When he returned The Golden Compass to me last night, I asked Jack how he liked it.

“It was good,” he answered. “It’s sort of an anti-Narnia. But it did take me some time to get into it. It was slow at first.”

“Do you think the movie will be good?”

“Sure,” he answered.

“Even though all books are better than the movies made based on them?” I grinned, feeling a little smug and superior, pleased at the chance to drive home my point that books beat celluloid hands down.

“That’s not always true,” Jack said.

“Give me one example of one movie that was better than the book!” I demanded in surprise.

“Starship Troopers.”

“You’ve got to be kidding me. The movie was better than a book by Robert Heinlein?”

“It was, Mom. I mean, I just don’t like the way Heinlein writes.”

I gaped. Who was this child, this alien being, this life-form from some other planet? He doesn’t like the way Heinlein writes? This… this…. creature… standing in front of me couldn’t be something composed of my DNA.

“You’ve got to be kidding me,” I managed to gasp.

“No,” he said. “I hated the book Starship Troopers. The movie was good, though. They changed up the plot and the characters so that they were better.”

I’m still dumfounded.

When he was about 10, I gave him a copy of Heinlein’s The Star Beast,assuming that he would fall in love with the Lummox just like I did.

“It’s boring,” he announced halfway through, just as the two kids took off to the hills with the beast to hide her from the hoards of scientists and media.

“You’ve just gotten to the most exciting part of the book!” I objected.

“I’m sick of that book. I’m not reading it any more.”

I backed off. I didn’t want Heinlein to be an assignment, but he had to read him. He just had to.

I gave him The Rolling Stones, knowing that he would be delighted with the twins Castor and Pollux, and that he would even get the mythology reference. He didn’t even open it.

Again, I backed off. Maybe he really wasn’t ready for Heinlein. Maybe when he was older…

Recently he asked to read Stranger in a Strange Land.
“Hell, no!” I said.

“Why not?”

“Are you kidding? That book has tons of sex in it!”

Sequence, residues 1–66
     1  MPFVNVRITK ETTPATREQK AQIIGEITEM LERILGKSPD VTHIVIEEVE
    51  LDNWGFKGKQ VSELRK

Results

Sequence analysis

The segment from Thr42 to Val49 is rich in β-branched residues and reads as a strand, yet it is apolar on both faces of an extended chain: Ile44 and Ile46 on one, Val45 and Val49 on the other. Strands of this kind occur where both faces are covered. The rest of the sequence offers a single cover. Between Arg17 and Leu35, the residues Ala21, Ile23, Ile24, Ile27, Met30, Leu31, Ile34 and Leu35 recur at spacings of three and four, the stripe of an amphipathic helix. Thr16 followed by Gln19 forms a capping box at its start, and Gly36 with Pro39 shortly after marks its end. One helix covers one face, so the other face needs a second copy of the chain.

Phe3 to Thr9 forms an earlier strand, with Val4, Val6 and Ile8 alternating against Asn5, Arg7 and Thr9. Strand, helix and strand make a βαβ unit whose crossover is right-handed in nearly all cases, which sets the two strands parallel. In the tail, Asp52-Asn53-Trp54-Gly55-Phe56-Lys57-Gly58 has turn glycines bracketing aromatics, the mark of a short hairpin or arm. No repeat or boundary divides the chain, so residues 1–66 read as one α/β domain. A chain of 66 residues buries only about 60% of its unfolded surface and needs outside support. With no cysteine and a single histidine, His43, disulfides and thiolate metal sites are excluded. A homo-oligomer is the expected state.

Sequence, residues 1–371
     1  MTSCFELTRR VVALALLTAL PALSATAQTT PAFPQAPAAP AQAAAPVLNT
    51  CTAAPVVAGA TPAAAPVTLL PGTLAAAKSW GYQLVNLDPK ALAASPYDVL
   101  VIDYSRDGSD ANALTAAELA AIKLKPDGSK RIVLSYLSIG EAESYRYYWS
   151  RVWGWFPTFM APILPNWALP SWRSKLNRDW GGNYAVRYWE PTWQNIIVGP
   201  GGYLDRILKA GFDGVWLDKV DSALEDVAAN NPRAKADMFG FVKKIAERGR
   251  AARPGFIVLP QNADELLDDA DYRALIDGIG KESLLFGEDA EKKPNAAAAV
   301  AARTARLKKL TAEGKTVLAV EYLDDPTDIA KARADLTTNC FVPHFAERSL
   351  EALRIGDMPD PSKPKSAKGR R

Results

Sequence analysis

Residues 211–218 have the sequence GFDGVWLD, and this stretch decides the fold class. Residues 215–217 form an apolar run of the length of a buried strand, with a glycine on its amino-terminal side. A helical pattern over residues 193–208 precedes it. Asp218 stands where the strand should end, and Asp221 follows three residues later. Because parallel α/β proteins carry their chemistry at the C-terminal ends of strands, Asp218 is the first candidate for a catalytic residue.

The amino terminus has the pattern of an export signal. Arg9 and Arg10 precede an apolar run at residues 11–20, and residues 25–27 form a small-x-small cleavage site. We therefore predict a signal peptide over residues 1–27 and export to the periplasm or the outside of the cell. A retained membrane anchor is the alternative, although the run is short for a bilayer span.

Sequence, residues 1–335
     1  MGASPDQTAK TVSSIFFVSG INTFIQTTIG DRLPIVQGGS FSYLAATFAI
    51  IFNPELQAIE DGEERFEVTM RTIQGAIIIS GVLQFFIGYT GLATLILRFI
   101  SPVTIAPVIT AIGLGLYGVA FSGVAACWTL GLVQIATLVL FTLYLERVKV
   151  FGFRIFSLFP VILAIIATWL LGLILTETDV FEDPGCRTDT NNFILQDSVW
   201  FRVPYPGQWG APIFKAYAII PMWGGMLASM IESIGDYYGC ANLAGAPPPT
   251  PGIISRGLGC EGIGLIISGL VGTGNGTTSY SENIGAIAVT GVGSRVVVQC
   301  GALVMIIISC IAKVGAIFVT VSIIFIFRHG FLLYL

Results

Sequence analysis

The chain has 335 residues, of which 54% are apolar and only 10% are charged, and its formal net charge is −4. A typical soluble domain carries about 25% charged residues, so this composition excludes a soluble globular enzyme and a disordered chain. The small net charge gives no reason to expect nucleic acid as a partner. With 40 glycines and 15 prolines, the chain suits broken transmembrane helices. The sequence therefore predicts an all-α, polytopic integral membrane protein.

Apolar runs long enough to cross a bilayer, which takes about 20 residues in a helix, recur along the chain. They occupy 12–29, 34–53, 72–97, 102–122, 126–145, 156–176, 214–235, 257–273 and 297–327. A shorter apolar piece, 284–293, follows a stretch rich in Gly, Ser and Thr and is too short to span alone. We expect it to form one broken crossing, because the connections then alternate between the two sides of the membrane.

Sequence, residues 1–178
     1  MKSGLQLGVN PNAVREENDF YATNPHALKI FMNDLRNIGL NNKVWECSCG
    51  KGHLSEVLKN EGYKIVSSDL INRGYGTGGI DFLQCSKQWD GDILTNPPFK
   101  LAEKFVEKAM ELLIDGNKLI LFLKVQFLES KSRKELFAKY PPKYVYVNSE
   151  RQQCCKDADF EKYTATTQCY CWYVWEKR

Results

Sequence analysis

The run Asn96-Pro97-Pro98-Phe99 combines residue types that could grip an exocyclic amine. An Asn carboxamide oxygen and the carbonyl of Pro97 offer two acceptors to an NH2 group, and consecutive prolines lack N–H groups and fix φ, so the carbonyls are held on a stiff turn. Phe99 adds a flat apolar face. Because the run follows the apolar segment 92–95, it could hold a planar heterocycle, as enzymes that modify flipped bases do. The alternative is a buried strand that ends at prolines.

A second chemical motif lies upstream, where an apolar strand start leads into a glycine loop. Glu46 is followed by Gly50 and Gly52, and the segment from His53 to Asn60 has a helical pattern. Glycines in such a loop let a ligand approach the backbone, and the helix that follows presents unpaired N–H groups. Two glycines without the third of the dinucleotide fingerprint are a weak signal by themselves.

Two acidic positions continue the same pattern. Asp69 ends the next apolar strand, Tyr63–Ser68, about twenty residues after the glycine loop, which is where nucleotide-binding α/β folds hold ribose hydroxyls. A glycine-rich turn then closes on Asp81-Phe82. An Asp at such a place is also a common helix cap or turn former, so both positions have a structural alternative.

Jack’s face went through several different expressions before he settled on defiance. “But you keep wanting me to read Heinlein.”

“Yes, but you aren’t starting with Valentine Michael Smith and Jubal Harshaw. Nor are you starting with Lazarus Long.”

“Who’re they?”

“Mike Smith is the Man from Mars, and Jubal is his lawyer. Lazarus Long is his own grandfather.”

“No way!”

“Time travel, baby. But at 16 you aren’t yet old enough to grok the Martian version of god or love, and you aren’t yet old enough to find out what Lazarus and his maternal ancestors do for entertainment during long spaceship rides.”

“When will be old enough?”

“Old enough for me to give you Stranger in a Strange Land? About the time you register for the draft,” I retorted. That’s in a couple of years. “About the time you are old enough to order a draft beer legally,” I revised.

I bought a copy of Time Enough for Love and left it conspicuously on a table. It disappeared. I saw it in his bathroom, a bookmark about halfway through it. He started it. I’m not sure if he ever finished it. Hopefully my strategy will work and he’ll swipe Stranger from the bookcase and read it under the covers with a flashlight just because I was so shocked and said he couldn’t. Hopefully he will learn that Heinlein’s place at the apex of the pantheon of science fiction gods is deserved. If he doesn’t, I will know beyond a shadow of a doubt that all of his chromosomes came solely from his father’s side of the family.

I hope Hollywood never makes a movie based on Stranger in a Strange Land.

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November 16, 2007 - Posted by | Conversations With Children, Humor | , , , , , , , , , , , , ,